What can be done to assure full participation of women in the process of development?
In fact, when we look at the MDGs, or rather, at the SDGs, and we consider the condition of women, in general, we cannot but see that they are still greatly disadvantaged, in spite of the progress made in many areas, comparing with men. And this is particularly true in poor countries.
It is fully recognized that the majority of poor people in the world are women. According to the World Food Programme, 7/10 of the hungry people in the world are women. In addition, 60% of the poorer workers in the world are women: they even don't earn 1$ a day, so it is impossible for them to get out of the situation of extreme poverty. Other very serious data concern women's literacy. According to UNESCO there are still 775 millions of adults illiterate in the world and 2/3 of these are women. But the sector in which the discrimination of women is more serious is that of the rural work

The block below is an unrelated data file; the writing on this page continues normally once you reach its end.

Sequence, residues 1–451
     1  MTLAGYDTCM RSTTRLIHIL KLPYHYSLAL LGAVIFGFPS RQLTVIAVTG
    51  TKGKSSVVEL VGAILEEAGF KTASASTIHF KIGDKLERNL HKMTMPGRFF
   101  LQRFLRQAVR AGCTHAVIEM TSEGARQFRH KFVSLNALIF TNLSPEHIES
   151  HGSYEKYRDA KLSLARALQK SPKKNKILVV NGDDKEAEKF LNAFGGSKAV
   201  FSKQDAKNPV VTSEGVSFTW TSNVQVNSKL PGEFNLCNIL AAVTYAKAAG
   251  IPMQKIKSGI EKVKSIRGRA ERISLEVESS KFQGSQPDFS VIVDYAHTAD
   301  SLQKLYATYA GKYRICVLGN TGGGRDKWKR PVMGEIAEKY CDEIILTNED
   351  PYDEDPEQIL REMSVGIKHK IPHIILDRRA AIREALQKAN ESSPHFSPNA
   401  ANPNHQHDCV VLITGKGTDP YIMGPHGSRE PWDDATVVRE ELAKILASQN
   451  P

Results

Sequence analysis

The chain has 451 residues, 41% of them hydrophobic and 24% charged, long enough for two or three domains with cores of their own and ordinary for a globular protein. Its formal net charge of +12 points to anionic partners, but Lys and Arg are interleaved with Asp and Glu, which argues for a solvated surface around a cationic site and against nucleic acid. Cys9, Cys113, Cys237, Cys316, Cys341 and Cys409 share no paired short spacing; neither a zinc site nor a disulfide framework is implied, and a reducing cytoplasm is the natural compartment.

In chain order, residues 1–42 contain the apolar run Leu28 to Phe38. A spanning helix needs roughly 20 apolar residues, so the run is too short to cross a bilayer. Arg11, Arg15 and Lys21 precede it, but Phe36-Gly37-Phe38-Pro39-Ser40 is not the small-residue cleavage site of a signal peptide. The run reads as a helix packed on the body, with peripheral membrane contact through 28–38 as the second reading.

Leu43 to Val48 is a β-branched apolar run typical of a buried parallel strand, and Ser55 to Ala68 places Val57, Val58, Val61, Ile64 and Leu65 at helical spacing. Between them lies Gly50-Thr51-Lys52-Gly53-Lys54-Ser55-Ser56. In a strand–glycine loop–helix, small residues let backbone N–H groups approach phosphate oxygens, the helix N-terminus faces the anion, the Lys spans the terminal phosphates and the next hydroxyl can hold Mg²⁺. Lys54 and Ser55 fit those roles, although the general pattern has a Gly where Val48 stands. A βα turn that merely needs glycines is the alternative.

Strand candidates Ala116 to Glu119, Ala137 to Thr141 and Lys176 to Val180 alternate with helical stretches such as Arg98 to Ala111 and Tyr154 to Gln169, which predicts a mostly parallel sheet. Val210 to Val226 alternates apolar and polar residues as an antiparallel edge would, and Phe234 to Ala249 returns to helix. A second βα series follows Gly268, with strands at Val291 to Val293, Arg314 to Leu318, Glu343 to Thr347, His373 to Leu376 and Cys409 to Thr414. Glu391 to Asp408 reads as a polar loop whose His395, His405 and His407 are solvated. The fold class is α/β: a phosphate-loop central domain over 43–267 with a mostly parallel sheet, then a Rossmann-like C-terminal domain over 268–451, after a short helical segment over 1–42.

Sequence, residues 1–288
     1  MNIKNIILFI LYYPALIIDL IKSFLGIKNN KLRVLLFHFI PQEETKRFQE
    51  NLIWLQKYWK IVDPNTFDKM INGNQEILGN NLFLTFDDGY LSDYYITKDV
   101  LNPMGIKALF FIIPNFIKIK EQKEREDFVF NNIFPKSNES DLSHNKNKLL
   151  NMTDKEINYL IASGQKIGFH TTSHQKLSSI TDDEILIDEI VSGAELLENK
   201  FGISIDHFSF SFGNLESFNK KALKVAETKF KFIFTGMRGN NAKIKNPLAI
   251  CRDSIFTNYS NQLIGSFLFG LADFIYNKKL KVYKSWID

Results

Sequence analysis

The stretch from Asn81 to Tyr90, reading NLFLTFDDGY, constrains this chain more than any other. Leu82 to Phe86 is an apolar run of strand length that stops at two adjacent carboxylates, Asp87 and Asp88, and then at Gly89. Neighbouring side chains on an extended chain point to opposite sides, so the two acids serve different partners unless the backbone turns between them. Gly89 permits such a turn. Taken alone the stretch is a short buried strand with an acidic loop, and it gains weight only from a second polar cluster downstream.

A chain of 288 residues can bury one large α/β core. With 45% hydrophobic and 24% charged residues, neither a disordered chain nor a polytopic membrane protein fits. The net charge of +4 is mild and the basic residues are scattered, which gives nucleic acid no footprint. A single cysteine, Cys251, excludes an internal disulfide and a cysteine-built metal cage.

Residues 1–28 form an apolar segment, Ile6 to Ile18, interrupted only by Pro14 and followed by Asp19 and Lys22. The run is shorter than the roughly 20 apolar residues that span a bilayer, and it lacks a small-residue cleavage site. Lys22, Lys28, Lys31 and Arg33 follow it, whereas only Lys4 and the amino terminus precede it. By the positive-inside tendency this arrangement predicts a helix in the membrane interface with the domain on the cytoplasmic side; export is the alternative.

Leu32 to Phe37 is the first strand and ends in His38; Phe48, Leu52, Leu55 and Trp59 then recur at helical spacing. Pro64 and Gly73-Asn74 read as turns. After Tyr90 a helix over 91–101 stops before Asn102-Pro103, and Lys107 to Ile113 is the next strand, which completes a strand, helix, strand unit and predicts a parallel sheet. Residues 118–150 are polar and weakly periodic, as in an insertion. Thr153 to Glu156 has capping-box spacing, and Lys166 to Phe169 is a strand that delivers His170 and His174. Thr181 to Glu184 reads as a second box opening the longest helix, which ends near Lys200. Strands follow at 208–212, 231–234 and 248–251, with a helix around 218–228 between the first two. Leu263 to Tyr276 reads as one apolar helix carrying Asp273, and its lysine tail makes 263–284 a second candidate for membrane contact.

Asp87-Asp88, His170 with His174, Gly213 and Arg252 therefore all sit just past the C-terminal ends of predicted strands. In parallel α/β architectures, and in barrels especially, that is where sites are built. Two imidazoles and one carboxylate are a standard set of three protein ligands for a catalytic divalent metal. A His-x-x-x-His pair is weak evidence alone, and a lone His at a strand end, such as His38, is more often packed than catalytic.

What has to be done, then, to empower women and let them enjoy the fruits of development?
1. Restoring the dignity and human fundamental rights of women removing barriers mainly due to culture. The legal instruments, national and international, exist, of course, but they are not put into practice. I will mention just some starting from the more offensive.
· There are still too many parts of the world where sex-selective abortion is practiced because of cultural norms that value male children over female children.
· Forced premature-marriages are also offensive of women's dignity. This practice has been at the origin of the request to set up our project in Mozambique.